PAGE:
Court quashes intentionally homeless decision

Friday 11 September 2015

In a decision handed down this week, HHJ Wulwick has confirmed that both the denigration of personality and adultery are capable of being classified as domestic violence and has accepted the force of expert opinion about causation of current mental health problems.

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HHJ Wulwick, sitting at Central London County Court, has added ‘flesh to the bones’ of the Yemshaw definition of domestic violence.

The appellant was found to be intentionally homeless as a result of leaving her husband who consistently criticised her appearance and her ethnicity, and who committed adultery in the marital bed. The Council decided that it was a case of relationship breakdown rather than domestic abuse, and relied heavily on the fact that the appellant kept in contact with her husband and considered reconciliation.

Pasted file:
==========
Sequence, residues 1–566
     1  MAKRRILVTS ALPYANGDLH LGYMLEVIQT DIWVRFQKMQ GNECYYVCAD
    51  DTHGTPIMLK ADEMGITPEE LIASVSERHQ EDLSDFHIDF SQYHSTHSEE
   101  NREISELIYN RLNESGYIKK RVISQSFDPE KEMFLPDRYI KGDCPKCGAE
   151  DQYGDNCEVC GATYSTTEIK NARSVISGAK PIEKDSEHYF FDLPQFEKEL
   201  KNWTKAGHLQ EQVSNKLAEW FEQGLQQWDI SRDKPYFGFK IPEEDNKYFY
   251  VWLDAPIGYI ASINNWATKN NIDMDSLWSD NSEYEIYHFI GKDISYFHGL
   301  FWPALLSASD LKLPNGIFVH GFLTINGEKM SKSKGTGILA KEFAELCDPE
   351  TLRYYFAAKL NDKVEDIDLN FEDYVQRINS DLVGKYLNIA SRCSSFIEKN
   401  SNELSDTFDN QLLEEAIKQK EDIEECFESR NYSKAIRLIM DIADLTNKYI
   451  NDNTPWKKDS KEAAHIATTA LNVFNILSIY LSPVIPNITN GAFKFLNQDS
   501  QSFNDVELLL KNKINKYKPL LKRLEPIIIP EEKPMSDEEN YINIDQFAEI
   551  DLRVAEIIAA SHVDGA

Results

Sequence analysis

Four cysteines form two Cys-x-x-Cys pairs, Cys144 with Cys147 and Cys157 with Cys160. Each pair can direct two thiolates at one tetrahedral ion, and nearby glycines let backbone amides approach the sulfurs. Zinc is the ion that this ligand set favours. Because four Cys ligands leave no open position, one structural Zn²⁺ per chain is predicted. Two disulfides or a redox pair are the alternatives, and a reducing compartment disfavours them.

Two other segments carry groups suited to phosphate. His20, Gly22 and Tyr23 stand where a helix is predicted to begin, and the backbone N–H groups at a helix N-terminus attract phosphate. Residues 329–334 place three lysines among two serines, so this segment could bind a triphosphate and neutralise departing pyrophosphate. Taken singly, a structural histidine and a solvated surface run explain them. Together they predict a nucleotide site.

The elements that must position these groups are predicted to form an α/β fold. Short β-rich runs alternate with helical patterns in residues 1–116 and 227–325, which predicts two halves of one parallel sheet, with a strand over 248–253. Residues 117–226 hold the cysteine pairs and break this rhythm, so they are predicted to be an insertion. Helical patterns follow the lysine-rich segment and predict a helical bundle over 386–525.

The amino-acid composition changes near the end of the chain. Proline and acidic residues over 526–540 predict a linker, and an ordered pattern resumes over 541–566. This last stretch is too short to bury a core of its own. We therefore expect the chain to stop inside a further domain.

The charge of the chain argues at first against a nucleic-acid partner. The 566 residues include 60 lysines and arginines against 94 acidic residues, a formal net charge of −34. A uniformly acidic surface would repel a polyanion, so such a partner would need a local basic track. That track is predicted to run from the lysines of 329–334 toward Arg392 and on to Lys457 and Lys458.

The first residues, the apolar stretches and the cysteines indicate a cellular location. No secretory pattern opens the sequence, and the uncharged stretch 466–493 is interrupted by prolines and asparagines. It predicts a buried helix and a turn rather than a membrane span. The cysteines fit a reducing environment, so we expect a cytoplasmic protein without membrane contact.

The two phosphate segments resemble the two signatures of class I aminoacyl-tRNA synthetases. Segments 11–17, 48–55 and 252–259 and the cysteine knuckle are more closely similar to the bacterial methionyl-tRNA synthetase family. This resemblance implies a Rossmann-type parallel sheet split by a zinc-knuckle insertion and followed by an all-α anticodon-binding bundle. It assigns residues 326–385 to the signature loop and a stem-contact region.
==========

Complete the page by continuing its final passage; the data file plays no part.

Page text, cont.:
HHJ Wulwick found that it did not follow that abuse had not occurred and accepted that victims of abuse will all too often return to the perpetrator. The Judge considered that the denigration of the appellant’s personality and the committal of adultery were capable of fulfilling the wider definition of domestic violence as formulated in the case of Yemshaw v LB Hounslow ([2011] UKSC 3).

The Judge also found that the council was wrong to reject the evidence of professionals who had previously treated the appellant. The council considered the evidence to be of little assistance as the professionals were not treating the appellant at the time of her departure. The Judge considered that this fact in no way undermined the evidence and professionals will often look to the past for factors which influence a person’s current mental state.

Justine Compton was instructed by John Gorringe at TV Edwards. Justine is a member of the Garden Court Chambers Housing Team.

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